The penises are back. After packing a full-frontal d*ck shot into every episode of the first season, The Righteous Gemstones shied away from male nudity in its second season, opting instead for a different provocation: a relentless focus on gnarly, plot-driven violence. Many characters were murdered onscreen, and the ones who weren’t often showed up drenched in blood. Season 3 features both flavors, sometimes simultaneously: headkills, d*ck pics, torture sequences, nude brawls. A man gets his ear chopped off. A cop gets brained. Cars do pinwheeling frontflips.
It bears reminding that this is a comedy, starring some of the actual funniest people on earth. There are few comic actors working more skilled at the line level than Danny McBride, a guy who can deliver a simple “motherf*cker” with a conviction that borders on the sublime. In point of fact, one of the only people that can match him in this regard is Edi Patterson, here playing his sister Judy Gemstone, whose perverse blend of confidence, venality, and thinly veiled panic should make her the centerpiece of the show.
But that’s not the type of show this is. The Righteous Gemstones increasingly shelves its characters in favor of a relentless plottiness; it is less of a dark comedy than it is an outright neo noir. Now in its third season, the show has only settled further into itself. The same small group of directors — David Gordon Green, Jody Hill, and McBride — helm every episode, reveling in whiplash tonal shifts, tasteful needle drops, and well-executed set pieces. Last season’s plots have been resolved in favor of a new set of traumas and antagonists, including a set of relatives whose brand of Christianity is more woodsy and militant than the Gemstones’. Other subplots only steer the characters further into depravity: Judy’s infidelity drives long-suffering husband BJ to violent extremes, Jesse joins an Eyes Wide Shut-style secret society called Cape & Pistol, and Kelvin (Adam Devine) is growing deranged from the fumes of burning sex toys (long story).
There’s a lot going on, and everything is consequential. Still, it’s hard to say this show’s appeal is its plot. Revisiting the first two seasons’ narratives can feel like flipping through the pages of a dream journal, resurrecting instantly vanished memories of cyberpunk motorcycle gangs and pro-wrestling intrigue. The difference between Gemstones and other plot-driven half-hour “comedies” is its insistence upon its world and the consequentiality of its characters’ decisions. Community and Arrested Development, to pluck two examples, had screw-tight plots that were intended to sort of melt through the viewer’s mind, mere justification for writerly eccentricity, before resetting to status quo. This show’s two predecessors — Eastbound & Down and Vice Principals — felt a little more grounded and narrative, but it was all a springboard for comic performance; it was the sort of setting that teed up Will Ferrell well.
But in The Righteous Gemstones, problems lead to more problems, tension to cliffhangers. Perhaps its nearest analog, in the way it renders comic acting subservient to directorial tone, is HBO’s recently retired Barry. But there was a dark purposefulness to that show’s march into oblivion, the way its structures and even premise disintegrated over four seasons, that’s absent from Gemstones. The Righteous Gemstones is “about” a lot of things; its d*cks and violence and for-profit Christian megachurches all point to a sort of commentary about a sickness at the core of American culture. But if it’s saying something about conservatism, it’s an older brand of it, one that seems almost quaint relative to the nihilism and conspiracy theories that dominate the modern right.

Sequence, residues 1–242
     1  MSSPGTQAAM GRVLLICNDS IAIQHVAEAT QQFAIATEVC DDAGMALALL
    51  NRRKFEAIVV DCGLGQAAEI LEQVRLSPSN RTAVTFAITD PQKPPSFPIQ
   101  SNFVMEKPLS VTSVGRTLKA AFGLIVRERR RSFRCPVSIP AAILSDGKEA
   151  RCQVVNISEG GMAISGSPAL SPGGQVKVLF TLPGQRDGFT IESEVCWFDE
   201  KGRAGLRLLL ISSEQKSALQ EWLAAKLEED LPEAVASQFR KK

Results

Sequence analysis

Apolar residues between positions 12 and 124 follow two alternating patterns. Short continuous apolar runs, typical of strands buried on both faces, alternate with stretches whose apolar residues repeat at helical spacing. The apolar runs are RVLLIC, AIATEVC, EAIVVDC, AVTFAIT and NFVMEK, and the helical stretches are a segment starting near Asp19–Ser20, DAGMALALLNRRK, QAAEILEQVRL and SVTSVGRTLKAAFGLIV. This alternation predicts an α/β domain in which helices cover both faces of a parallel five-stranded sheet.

Which is to say that, three seasons deep, The Righteous Gemstones doesn’t really have a point, in terms of satire. Its biggest joke is its insistence upon itself: that its world is real. When Amber Gemstone (Cassidy Freeman) introduces a couples-therapy system early in the third season, you can rest assured that you will see its branding and mechanics explained a few episodes later. Many of the season’s richest jokes lie in production design: best-in-class costuming, from Judy’s sequins to BJ’s couture to Keefe’s BDSM fishnets; ostentatiously in-depth sets, the megachurch’s labyrinthine hallways yielding trampoline rooms and food courts; and, of course, all that violence, as unsentimental in its realism as any on television.
Is it worth clarifying that the third season is also gut-bustingly funny? Because, sweet Jesus, it is — of course Danny McBride and Edi Patterson getting backed into corners and barking their way out will be, of course Walton Goggins fumbling out of the bushes to pitch a TV show called “Baby Billy’s Bible Bonkers” will be, of course one-off gags about his baby eating dirt elicit guffaws that the show moves on from almost instantly. Sometimes Gemstones feels like a show made by a bunch of very funny people who grew bored with being “just” funny — an idea reinforced by its creative team’s increasing success as horror filmmakers. Other times the show feels like it’s a longform experiment in attempting to create a new type of humor: a noxious blend of satire, violence, and unlikely craft that ferments into jokes that necessarily must happen quickly. Other times it feels like it can’t decide, and it leaves this ambivalence in the viewer’s head, unresolved. Maybe that’s the point: that very uncertainty. Whatever The Righteous Gemstones is, the third season is more of it, as confident and singular as ever.
The Righteous Gemstones premieres Sunday, June 18 at 10 P.M. ET with two episodes on HBO and Max. Join the discussion about the show in our forums.
Clayton Purdom is a writer and editor based in Shaker Heights, Ohio. You can see other things he writes on Twitter.